Human_Brain_Dissected
A human brain, dissected

In the 6 million years since the ancestors of humans and chimpanzees went their separate ways, the human brain has tripled in size. This spectacular shift, not observed in other great apes, is a defining feature of what makes us human.

What is the biological basis of our big brains? Previous studies indicate that human brain expansion reflects a universal increase in the number of neuron cells compared to our primate cousins, rather than differences in specific cell types. This suggests that the human “growth spurt” likely occurs very early on in our development.

To test this theory, a team of scientists in Cambridge used a novel lab technique to mimic early brain development across primate species for the first time. The team grew 3D “mini brains” from chimp, gorilla and human cells left over from medical procedures. These leftover cells were reprogrammed into stem cells before being grown into clumps of early brain tissue (organoids) a few millimetres wide. The scientists then compared patterns of growth and gene expression (which genes are switched on or off across time) between the organoids.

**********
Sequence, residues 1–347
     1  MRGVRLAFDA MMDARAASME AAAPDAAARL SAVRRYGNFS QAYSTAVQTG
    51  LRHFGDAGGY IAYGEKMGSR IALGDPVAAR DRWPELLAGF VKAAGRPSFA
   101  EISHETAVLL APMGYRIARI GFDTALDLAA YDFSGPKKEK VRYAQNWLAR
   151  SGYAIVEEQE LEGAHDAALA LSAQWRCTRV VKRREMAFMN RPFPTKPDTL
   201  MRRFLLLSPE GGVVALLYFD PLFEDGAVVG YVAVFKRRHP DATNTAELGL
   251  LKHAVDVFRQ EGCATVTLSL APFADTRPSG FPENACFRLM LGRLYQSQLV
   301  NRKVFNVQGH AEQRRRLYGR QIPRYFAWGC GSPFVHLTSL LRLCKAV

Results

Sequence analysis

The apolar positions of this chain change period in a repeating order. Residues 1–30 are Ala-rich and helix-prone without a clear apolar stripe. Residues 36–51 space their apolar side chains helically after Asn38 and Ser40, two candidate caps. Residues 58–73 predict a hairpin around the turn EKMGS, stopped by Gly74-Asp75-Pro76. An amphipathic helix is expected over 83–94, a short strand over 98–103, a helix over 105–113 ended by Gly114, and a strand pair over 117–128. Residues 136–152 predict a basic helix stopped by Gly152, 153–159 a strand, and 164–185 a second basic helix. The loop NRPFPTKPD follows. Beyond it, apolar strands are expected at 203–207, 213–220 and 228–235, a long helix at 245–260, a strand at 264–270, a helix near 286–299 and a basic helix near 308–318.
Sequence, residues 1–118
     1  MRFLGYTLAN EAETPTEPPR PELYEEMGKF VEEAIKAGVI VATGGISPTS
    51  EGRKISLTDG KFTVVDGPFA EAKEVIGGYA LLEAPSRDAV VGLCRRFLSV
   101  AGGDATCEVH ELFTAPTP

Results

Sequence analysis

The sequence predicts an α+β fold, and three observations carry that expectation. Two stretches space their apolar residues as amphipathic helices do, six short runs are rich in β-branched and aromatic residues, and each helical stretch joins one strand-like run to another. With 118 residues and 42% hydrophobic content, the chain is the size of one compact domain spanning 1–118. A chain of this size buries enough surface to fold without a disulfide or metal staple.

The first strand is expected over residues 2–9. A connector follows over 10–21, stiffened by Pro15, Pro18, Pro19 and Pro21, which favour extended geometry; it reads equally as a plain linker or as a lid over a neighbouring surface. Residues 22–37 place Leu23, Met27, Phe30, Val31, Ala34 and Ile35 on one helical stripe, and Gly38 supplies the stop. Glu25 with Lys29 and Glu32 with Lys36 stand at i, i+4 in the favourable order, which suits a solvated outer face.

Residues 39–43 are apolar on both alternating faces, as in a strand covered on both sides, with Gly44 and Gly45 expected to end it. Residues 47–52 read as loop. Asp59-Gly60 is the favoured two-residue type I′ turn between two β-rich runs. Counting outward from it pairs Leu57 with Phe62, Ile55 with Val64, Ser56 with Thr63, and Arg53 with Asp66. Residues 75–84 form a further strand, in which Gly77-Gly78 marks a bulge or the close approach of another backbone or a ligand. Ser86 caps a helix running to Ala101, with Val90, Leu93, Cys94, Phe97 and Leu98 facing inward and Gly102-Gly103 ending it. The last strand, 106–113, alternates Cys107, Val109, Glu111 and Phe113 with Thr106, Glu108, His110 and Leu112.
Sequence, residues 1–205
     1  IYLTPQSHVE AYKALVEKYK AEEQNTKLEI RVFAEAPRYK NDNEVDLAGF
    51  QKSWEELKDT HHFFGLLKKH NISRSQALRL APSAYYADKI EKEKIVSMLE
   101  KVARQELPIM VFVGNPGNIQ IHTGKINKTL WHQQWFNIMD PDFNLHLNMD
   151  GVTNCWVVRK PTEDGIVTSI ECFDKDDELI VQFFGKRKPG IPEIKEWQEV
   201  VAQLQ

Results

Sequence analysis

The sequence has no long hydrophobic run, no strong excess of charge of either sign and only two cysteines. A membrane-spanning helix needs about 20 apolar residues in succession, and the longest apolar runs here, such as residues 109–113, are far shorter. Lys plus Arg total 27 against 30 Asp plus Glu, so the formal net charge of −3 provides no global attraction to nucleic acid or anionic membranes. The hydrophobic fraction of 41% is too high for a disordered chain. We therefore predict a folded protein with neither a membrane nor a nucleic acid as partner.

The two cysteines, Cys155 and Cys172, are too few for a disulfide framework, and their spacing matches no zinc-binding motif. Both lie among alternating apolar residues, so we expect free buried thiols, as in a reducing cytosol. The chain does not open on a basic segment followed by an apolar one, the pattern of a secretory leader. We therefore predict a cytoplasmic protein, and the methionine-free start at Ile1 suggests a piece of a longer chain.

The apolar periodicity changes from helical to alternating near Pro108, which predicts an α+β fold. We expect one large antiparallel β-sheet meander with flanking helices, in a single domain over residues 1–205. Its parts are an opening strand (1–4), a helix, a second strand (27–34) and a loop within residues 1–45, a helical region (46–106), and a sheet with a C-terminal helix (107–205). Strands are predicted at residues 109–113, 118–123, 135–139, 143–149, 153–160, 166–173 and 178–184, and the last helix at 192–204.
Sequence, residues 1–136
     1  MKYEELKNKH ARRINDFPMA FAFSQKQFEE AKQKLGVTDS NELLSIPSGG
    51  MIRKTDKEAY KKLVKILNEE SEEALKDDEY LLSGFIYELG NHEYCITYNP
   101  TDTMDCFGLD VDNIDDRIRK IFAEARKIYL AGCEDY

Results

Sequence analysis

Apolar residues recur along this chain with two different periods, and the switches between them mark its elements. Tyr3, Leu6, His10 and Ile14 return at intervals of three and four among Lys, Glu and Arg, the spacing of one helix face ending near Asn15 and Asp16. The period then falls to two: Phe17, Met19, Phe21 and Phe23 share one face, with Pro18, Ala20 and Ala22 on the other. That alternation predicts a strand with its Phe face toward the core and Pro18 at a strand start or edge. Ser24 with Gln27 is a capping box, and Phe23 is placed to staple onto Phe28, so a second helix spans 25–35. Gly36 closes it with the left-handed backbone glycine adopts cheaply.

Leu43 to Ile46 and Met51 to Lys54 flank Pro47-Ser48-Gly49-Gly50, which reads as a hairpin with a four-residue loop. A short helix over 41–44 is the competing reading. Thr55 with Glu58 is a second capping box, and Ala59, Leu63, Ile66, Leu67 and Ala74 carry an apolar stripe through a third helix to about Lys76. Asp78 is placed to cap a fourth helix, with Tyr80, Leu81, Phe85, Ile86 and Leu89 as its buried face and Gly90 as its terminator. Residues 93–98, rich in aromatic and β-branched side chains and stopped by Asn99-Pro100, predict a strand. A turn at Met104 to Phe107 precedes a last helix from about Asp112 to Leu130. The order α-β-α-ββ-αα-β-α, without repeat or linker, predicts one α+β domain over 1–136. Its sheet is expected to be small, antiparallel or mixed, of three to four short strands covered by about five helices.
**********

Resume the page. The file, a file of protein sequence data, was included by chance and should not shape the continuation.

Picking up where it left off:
They observed that the human organoids were already bigger than the primates’ by day two and were twice as large by week five. This confirmed the theory that differences in brain growth between the species occured during very early development.

The research also shed light on a previously unknown “transition” state where early brain cells move from a period of rapid cell division and therefore growth, to the period of neurogenesis (when cells specialise into mature neurons). Whilst in chimps and gorillas this transition occurred at around day five, in humans it was day seven, meaning early human brain cells have more time to multiply before they mature.

This research not only sheds light on one of the most significant adaptations of human evolution, but could also provide insights into rare neurological disorders – many of which are characterised by abnormalities in brain growth.

This article is from the New Humanist summer 2021 edition. Subscribe today.